It's not unlike the sound of ice cracking on a pond during an early spring thaw. But the sound you're hearing now is that of media companies being broken up as their managements try to separate their atrophying newspaper operations from other units with more promise.

On Tuesday, E.W. Scripps (NYSE:SSP) became the second publisher-broadcaster in the past two weeks to announce that it would wield a meat ax to separate poorly performing assets from more robust ones. The company will join Belo (NYSE:BLC) in splitting into two public parts, with its successful cable TV networks and its shopping websites cleaved from its atrophying newspapers and slow-growth television stations.

In Scripps case, the separation -- which likely will occur in next year's second quarter -- will be structured as a tax-free dividend of stock in a new company, Scripps Networks Interactive. Included in that company will be TV networks HGTV, The Food Network, Fine Living, DIY Network, and Great American Country, as well as websites Shopzilla.com and Uswitch.com.

The newspaper group includes Denver's Rocky Mountain News and the Memphis Commercial Appeal, while the television group consists of 10 ABC-affiliated stations. At Scripps, the interactive media properties generate in excess of 25% more revenue than the traditional media entities, but they do so with fewer than a third as many employees. And perhaps just as important, Scripps Networks Interactive will be comprised of properties that are growing, albeit not as rapidly as in past years, while the traditional media properties are heading in the other direction.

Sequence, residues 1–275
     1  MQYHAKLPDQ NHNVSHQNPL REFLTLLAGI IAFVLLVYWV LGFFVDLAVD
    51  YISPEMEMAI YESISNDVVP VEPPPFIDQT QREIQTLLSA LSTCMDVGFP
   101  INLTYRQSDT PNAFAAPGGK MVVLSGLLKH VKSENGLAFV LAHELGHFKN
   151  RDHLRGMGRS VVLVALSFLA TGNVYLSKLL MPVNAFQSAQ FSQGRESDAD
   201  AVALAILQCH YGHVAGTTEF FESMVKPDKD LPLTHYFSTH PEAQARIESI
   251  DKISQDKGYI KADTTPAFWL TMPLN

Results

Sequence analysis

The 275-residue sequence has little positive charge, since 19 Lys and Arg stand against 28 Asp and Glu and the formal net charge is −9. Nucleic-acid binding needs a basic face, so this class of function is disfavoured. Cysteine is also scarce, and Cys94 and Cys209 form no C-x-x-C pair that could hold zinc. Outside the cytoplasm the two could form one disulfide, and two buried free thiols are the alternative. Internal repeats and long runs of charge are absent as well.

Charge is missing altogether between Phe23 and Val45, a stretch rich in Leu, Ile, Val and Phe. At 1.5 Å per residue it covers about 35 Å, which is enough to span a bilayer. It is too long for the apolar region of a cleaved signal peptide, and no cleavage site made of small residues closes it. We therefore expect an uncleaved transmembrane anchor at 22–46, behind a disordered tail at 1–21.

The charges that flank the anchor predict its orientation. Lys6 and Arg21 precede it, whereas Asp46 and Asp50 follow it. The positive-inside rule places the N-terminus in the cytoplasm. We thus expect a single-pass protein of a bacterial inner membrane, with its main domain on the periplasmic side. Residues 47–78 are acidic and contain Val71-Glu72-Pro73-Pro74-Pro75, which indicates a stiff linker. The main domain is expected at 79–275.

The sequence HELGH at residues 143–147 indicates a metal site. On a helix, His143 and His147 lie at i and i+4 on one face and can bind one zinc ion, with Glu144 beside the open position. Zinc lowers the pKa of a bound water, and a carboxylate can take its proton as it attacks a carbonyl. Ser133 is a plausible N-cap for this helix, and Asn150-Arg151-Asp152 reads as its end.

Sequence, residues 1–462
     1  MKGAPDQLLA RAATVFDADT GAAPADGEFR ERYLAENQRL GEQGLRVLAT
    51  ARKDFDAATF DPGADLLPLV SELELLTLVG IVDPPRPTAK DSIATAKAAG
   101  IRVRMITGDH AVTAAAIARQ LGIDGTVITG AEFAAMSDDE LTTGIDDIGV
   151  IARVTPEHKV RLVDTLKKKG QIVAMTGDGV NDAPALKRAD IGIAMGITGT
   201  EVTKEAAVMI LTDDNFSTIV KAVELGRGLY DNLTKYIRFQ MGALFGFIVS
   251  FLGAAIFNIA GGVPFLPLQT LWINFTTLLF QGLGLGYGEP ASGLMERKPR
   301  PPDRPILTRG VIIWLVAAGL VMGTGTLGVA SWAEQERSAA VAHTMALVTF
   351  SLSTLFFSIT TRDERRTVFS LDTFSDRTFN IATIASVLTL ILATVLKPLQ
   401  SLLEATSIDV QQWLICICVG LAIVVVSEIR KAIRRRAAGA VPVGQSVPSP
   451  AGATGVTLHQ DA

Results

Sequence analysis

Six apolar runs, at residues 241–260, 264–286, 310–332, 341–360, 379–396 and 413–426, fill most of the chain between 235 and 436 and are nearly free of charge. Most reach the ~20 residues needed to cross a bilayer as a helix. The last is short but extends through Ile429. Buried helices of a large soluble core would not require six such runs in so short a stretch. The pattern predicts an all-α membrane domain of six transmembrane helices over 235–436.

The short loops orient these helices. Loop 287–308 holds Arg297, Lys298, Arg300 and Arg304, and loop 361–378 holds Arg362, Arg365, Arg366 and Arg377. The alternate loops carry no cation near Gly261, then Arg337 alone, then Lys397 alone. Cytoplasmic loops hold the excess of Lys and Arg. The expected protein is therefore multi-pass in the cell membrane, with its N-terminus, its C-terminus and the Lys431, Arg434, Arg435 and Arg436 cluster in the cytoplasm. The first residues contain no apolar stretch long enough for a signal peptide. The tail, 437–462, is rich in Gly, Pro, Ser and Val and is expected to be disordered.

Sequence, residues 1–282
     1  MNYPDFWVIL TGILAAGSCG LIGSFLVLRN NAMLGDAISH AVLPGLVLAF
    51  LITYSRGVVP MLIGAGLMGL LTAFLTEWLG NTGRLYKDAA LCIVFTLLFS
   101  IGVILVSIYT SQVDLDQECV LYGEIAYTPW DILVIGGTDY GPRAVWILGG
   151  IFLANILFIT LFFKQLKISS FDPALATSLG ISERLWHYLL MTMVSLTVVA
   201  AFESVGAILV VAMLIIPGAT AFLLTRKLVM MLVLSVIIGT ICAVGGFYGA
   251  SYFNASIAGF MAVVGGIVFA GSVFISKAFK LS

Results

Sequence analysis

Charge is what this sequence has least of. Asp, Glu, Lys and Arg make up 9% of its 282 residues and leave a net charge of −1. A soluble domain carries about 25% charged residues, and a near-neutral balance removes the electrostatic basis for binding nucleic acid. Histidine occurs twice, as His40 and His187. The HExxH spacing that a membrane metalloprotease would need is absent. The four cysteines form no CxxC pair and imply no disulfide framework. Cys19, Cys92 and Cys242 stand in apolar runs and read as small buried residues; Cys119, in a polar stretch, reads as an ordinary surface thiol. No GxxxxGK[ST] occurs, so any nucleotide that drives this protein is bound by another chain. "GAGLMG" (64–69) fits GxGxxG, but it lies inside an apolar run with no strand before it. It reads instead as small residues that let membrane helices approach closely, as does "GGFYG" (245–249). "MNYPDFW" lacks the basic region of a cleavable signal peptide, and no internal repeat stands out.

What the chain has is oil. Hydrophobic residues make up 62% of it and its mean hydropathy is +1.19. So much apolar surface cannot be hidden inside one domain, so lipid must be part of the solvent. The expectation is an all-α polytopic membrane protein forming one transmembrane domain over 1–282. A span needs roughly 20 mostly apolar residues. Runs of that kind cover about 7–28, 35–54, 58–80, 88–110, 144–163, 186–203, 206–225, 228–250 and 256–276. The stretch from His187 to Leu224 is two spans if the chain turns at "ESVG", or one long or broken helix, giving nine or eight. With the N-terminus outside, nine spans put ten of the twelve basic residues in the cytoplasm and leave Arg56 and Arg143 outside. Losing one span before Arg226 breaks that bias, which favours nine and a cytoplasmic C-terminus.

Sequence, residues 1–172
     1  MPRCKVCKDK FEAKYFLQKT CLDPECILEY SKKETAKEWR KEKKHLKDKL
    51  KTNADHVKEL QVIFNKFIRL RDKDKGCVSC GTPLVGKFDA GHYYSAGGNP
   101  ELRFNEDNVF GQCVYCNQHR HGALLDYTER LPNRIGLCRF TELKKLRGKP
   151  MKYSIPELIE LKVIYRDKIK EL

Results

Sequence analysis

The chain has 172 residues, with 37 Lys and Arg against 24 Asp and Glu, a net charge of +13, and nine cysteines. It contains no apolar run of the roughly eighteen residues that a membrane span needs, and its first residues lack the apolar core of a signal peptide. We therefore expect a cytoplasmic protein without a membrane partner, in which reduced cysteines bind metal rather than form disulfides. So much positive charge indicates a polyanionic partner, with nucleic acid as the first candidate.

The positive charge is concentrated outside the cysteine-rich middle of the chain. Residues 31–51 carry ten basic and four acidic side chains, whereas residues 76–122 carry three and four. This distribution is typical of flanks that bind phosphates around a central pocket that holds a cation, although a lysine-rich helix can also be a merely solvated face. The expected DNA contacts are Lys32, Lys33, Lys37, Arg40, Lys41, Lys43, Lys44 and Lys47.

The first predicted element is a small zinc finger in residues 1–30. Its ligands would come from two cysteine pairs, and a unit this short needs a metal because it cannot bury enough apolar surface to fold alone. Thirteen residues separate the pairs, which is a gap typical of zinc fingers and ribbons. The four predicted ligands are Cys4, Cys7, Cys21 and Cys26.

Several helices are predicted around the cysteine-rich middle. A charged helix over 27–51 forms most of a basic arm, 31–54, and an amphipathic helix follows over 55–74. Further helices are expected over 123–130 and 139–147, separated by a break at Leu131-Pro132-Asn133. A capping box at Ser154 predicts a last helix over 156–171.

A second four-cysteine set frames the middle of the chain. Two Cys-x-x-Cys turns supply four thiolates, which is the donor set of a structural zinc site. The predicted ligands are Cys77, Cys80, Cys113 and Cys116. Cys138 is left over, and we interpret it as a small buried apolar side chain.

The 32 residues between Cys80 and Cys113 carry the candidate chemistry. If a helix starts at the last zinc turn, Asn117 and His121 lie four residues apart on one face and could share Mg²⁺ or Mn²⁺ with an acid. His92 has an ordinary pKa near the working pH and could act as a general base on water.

This is just the first step. Maybe down the road, E.W. Scripps will be hauled back into surgery to separate its newspapers from the television properties. Admittedly, broadcasting isn't dancing a jig today, but unlike newspapers, it's likely to experience a healing.  

As I mentioned after the Belo split, I believe more companies will follow suit and separate their newspaper properties from their electronic media operations in hopes of driving greater shareholder value. At the time, I listed E.W. Scripps in addition to Tribune (NYSE:TRB) -- either before or after its purchase by Sam Zell and his team -- Media General (NYSE:MEG), and Gannett (NYSE:GCI) since all these properties have broadcasting and publishing business units. Now that Scripps has also taken the jump, I wouldn't be surprised if others are preparing to do the same.

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Fool contributor David Lee Smith can often be found wrapped up in his daily newspaper -- not literally, of course. He doesn't have financial positions in any of the companies mentioned, but he does welcome your comments or questions. The Motley Fool has a disclosure policy.